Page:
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SALT LAKE CITY — As bad as the outcome of last Saturday's game against Washington State was for the Utes, it still only counts as one loss, and one loss hardly makes or breaks an entire year, especially this early in the season.
Utah head coach Kyle Whittingham was quick to point out that now is not the time to feel sorry for themselves.
"There is nothing to do but move forward," he said. "You can't press rewind. There is no rewind button in life. You have to forget about it, but you have to learn from it."
The Utah football team will get a chance to get that bad taste out of its mouth on the road Saturday, albeit will be against a much better opponent than any one they have faced so far this season.
"I don't believe our guys stopped playing hard, we just quit making plays," Whittingham said. "We didn't make the plays throughout the rest of the game that we were making early."
Next up for the Utes is a trip south to Los Angeles to take on the No. 8 UCLA Bruins in the Rose Bowl at 7:30 pm PT. The game will be nationally televised on ESPN.
"(UCLA's) a top-10 team, big challenge on the road in the Rose Bowl," Whittingham said. "They are a team that is loaded top to bottom. Virtually every position has exceptional players. Their quarterback is exceptional, just like every other quarterback it seems like in this conference. There is no weakness on their football team. That's why they are a top-10 team. It will be a big challenge for us."
Here are five keys for the Utes as they get ready to take on the Bruins:
Last week is over. There is nothing they can do at this point to retroactively win the game vs. Washington State. Accept that the undefeated season is over and go back to the formula that worked so well in the first three games, playing loose and aggressive football. Learn from the mistakes made last week — like going ultra conservative on both the offensive and defensive sides of the football after securing a 21-0 lead — remembering that no lead is safe in the Pac-12 Conference.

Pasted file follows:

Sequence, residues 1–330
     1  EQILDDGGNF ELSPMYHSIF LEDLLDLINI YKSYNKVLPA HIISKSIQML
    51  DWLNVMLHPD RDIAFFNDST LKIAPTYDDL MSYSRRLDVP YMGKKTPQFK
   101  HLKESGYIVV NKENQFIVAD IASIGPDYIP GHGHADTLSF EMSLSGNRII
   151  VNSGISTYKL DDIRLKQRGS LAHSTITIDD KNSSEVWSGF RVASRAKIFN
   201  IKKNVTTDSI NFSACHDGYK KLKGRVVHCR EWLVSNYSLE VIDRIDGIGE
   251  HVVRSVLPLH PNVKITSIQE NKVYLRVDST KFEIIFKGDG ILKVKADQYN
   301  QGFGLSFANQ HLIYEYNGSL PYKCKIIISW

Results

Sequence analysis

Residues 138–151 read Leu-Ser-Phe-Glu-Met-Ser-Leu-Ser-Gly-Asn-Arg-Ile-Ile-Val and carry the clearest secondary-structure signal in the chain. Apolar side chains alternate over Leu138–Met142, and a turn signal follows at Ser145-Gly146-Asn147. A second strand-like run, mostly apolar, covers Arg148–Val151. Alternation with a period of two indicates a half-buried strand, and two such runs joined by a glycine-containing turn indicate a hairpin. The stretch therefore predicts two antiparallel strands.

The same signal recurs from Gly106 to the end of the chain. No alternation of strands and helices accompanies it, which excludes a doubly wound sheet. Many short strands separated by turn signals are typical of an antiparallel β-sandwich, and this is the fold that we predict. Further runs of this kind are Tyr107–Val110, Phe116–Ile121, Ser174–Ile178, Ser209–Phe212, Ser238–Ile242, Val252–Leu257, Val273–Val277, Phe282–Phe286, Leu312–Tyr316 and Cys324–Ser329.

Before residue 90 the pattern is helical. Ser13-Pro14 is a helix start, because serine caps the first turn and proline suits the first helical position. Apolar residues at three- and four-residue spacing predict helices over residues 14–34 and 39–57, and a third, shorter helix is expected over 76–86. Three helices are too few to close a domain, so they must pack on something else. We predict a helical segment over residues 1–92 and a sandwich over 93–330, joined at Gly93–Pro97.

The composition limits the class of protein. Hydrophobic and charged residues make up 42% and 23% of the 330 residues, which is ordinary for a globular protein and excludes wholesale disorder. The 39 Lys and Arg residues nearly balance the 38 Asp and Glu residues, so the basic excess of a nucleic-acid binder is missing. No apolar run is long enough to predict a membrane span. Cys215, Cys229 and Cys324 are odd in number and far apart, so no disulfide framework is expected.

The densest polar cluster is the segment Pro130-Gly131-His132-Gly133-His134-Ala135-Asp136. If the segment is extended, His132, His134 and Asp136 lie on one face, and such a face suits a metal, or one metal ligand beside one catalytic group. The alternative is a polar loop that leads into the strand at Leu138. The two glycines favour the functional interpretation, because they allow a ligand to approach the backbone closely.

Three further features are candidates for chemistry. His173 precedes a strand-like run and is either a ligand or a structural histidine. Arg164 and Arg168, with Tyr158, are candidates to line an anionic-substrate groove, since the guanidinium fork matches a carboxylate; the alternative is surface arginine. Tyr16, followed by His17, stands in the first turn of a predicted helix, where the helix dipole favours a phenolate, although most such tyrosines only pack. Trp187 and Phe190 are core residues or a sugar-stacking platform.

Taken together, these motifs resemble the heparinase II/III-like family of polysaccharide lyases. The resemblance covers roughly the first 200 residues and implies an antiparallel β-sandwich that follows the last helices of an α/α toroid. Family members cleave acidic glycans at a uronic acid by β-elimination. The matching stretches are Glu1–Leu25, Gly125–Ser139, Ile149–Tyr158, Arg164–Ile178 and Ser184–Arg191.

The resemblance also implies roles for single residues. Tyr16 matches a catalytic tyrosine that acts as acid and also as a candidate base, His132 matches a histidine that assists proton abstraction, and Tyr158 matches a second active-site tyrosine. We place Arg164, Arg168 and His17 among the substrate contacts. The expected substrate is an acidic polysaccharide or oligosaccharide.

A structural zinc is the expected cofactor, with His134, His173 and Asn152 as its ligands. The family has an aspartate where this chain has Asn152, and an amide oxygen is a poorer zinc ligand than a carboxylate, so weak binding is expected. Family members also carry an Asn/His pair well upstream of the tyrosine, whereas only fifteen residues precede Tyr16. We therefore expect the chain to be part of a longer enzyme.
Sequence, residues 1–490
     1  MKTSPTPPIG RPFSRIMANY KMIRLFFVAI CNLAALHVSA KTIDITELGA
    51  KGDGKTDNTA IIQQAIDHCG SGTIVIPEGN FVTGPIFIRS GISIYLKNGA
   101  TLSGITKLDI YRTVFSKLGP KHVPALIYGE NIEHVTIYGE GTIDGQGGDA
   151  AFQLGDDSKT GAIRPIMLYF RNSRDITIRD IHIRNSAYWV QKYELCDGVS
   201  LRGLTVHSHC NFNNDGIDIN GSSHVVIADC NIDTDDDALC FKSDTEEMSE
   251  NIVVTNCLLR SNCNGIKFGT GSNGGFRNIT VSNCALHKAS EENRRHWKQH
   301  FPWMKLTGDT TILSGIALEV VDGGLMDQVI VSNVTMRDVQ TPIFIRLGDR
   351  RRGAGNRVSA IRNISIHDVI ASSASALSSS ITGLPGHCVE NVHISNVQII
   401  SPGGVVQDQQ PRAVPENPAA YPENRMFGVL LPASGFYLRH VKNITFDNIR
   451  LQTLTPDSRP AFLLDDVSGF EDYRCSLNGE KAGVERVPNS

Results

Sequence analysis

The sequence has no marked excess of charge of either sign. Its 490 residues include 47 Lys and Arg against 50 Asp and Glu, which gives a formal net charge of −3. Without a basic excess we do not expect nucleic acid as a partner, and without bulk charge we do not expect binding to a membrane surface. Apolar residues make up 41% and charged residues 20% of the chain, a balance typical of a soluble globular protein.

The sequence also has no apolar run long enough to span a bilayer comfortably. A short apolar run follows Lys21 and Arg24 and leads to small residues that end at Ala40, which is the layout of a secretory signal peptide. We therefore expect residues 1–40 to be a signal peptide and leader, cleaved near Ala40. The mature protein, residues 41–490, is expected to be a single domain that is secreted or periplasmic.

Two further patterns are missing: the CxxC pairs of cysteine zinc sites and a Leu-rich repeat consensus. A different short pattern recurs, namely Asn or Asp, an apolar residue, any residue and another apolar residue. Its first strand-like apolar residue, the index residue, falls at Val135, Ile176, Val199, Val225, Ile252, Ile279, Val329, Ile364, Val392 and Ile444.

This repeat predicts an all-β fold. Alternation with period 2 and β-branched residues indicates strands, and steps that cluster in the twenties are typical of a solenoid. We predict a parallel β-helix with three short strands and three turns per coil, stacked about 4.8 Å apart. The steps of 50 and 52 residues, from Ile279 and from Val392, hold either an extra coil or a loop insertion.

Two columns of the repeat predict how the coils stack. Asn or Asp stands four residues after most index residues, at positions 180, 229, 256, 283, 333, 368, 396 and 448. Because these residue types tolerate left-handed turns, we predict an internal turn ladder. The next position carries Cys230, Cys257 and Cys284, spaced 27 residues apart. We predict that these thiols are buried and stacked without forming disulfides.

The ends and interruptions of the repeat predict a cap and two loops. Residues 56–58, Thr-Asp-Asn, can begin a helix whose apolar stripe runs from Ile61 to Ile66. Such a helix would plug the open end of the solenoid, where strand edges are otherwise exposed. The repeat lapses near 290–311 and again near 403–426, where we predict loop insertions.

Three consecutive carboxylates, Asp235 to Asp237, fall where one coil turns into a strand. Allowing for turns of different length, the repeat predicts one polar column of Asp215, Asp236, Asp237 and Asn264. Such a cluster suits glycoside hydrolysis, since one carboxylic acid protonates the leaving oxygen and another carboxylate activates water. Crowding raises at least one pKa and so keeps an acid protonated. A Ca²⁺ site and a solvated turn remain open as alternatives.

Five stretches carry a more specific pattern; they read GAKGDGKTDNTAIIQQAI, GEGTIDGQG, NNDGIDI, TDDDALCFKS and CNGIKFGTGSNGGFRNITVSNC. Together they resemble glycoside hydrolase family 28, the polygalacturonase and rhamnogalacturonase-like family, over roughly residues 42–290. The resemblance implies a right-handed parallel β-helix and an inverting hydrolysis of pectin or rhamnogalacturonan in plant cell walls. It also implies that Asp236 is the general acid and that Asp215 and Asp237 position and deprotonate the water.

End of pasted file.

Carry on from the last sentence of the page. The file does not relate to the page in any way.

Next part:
Another thing to remember is for the Utes to remain unified through the ups and downs of the season. There were lots of rumblings that the defense was upset at the offense and vice versa following the disappointing loss. If Utah hopes to be successful in 2014 and return to a bowl game, sticking together will be key. After all the Utes are "United Together Eternal Soldiers".
Despite throwing six interceptions, the Utes had a chance to tie the game in the closing moments of last year's game against UCLA. Even the year before in Travis Wilson's first-career start, the Utes only lost by seven. Yes, the Bruins are a tough opponent, one that on paper should easily beat down the Utes, but that doesn't mean that with solid execution and a great game plan that the Utes can't come away with a victory.
When will Utah realize that this team is built around its defense? Defense and special teams have been the strength of the Utes since Whittingham took over in 2005. So why not use that to its advantage? Run the football with newly appointed starter Devontae Booker and chew up some clock, letting the defense catch a breather on the sideline. Utah's defense was phenomenal in the first half against Washington State, but wore down after continuous three-and-outs and other four- or five-play drives by the offense. Losing the time of possession battle by 10 minutes is a recipe for disaster.
UCLA quarterback Brett Hundley is one of many dual-threat quarterbacks Utah will have to deal with this season in conference play. Unlike WSU QB Connor Halliday, Hundley isn't afraid to run. In last year's matchup with the Utes, Hundley rushed for 85 yards, including a critical 36-yard run late in the game to push the Bruin lead to 10. Utah will need to gameplan around slowing down the mobile quarterback and force him to beat them with his arm and not his feet.
The simplest explanation to last Saturday's stunning defeat was that Washington State coach Mike Leach and company made the adjustments necessary to get his team back in the game. Utah's offense seemingly got worse as the game went on, while the defense had its hands full and no choice but to go conservative as the tank started running out of gas.
If the offense is struggling, can Utah simplify the game plan and go with swing passes to the running backs and short out routes for Wilson to get into rhythm? Can the defense find a way to get a consistent pass rush with both of its units and not have an enormous drop off between starters and back-ups?
Robert Jackson is the cross platform sports and weather producer for ksl.com and KSL-TV. He has covered the Utes for KSL since 2008. You can catch him and co-host Brian Swinney Tuesdays and Thursdays from 7-9 p.m. on the Ute Sports Report 1320 KFAN.